Neues vom PostgreSQL Planet
I have noticed that there is a page on the offical PostgreSQL documentation (https://www.postgresql.org/docs/current/logical-replication-restrictions.html) that states several restrictions to the current logical replication design. One of the restrictions is about sequence relation type where any changes associated with a sequence is not logically replicated to the subscriber or to the decoding plugin. This is an interesting restriction and I took the initiative to look into this restriction further and evaluate if it is possible to have it supported.
There are so many multi-host technologies and it is hard to remember the benefits of each one, so I decided to create a list:
High availability: Streaming replication is the simplest way to have multiple copies of your database, ready for fail over
Usually in this blog I’m writing about various fun topics around PostgreSQL – like perhaps new cool features, some tricky configuration parameters, performance of particular features or on some “life hacks” to ease the life of DBA-s or developers.
I have been interviewed by PostgresWeekly.
Howto guide for upgrading PostgreSQL from version 11 to 12 on Ubuntu, after its upgrade from version 19.10 to 20.04.
25 April is Anzac Day in Australia, New Zealand and many communities around the world where Anzacs have served. Given the shift to online collaboration in 2020, Anzacathon has been set up to help people engage online.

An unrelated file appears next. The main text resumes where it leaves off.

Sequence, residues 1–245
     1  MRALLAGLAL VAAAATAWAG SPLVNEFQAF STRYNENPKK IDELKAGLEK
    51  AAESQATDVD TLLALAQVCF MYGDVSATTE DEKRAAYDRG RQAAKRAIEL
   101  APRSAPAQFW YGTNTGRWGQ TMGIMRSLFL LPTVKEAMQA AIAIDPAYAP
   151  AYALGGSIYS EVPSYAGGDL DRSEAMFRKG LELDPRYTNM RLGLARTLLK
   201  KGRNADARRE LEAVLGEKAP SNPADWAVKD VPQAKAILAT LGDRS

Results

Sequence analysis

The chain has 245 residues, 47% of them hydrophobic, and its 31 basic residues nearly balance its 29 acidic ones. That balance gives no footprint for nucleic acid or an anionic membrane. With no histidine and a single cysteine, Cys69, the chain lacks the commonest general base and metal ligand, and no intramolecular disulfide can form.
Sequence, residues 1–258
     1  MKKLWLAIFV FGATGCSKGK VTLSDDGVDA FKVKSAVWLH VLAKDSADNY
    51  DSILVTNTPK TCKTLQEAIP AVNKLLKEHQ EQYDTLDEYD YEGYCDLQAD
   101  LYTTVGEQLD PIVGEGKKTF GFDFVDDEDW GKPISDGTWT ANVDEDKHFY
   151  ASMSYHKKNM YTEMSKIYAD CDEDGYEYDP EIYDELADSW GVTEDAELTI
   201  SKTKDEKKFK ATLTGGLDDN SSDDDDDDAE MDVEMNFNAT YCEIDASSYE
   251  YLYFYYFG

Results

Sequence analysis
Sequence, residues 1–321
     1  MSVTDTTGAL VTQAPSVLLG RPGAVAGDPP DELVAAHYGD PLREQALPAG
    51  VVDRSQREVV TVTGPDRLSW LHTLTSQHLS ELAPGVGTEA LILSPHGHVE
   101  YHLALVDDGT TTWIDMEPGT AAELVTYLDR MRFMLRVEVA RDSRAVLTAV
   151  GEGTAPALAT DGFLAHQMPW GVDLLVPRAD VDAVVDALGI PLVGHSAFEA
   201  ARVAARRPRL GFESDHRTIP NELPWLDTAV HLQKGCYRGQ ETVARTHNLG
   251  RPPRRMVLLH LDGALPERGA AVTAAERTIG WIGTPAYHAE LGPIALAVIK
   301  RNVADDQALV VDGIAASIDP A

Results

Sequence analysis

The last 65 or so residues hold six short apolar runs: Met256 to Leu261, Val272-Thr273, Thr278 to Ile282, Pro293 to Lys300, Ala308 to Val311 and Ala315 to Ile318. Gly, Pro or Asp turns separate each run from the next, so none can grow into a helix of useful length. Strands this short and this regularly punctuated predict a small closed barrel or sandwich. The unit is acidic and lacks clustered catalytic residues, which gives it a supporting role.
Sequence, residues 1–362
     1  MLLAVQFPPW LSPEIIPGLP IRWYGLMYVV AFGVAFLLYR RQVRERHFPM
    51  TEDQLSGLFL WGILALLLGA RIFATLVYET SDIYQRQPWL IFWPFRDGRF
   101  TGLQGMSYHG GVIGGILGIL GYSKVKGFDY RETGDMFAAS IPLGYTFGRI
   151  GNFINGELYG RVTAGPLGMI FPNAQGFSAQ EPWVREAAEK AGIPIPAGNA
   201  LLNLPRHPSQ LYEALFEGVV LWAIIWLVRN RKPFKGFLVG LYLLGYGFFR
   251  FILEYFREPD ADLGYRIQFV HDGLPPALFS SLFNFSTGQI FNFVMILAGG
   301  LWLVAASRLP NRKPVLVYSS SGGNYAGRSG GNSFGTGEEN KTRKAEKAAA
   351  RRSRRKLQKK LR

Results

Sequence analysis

One of the key themes of Anzacathon is data: finding new ways to use the data and also demonstrating the benefits of community engagement with open data.
This is a follow-up of my recent blog tittled “Stored Procedures in PG 11 – Better late then never” posted on highgo.ca and also on planet postgres. It is available at https://www.highgo.ca/2020/04/10/stored-procedures-in-pg-11-better-late-then-never/. In this short blog titled “Stored Procedures also have rights”, I will be discussing the definer and invoker rights for stored procedures, the same concept also applies to stored functions.
In talking to EnterpriseDB customers, I am often asked about the performance limits of Postgres: How many connections can it handle? How many TPS?
Well, those are good questions, but it is hard to give accurate answers since so much depends on the hardware and workload. Eventually, testing of actual workloads on intended hardware has to be done, but not giving ball-park answers is unhelpful. What answer can I give? Well, I came up with this chart:
© Laurenz Albe 2020
Most people know that autovacuum is necessary to get rid of dead tuples. These dead tuples are a side effect of PostgreSQL’s MVCC implementation. So many people will be confused when they read that from PostgreSQL v13 on, commit b07642dbc adds support for autovacuuming insert-only tables (also known as “append-only tables”).
PostgreSQL is continuously improving partitions support but there is limitations on number of partitions handled by each release. Based on our experience , if you are using a lot more partitions than it’s limit for Postgres release, it will throw out of memory errors or crash!
Everyone one wants their software to perform as fast as possible. Some people think that unless the program ends before it begins, it's too slow.
However, realistically, making something as fast as possible is not a universal good, meaning that increasing performance beyond a certain point can cause problems that far exceed the value of the improved performance. Let's give some examples: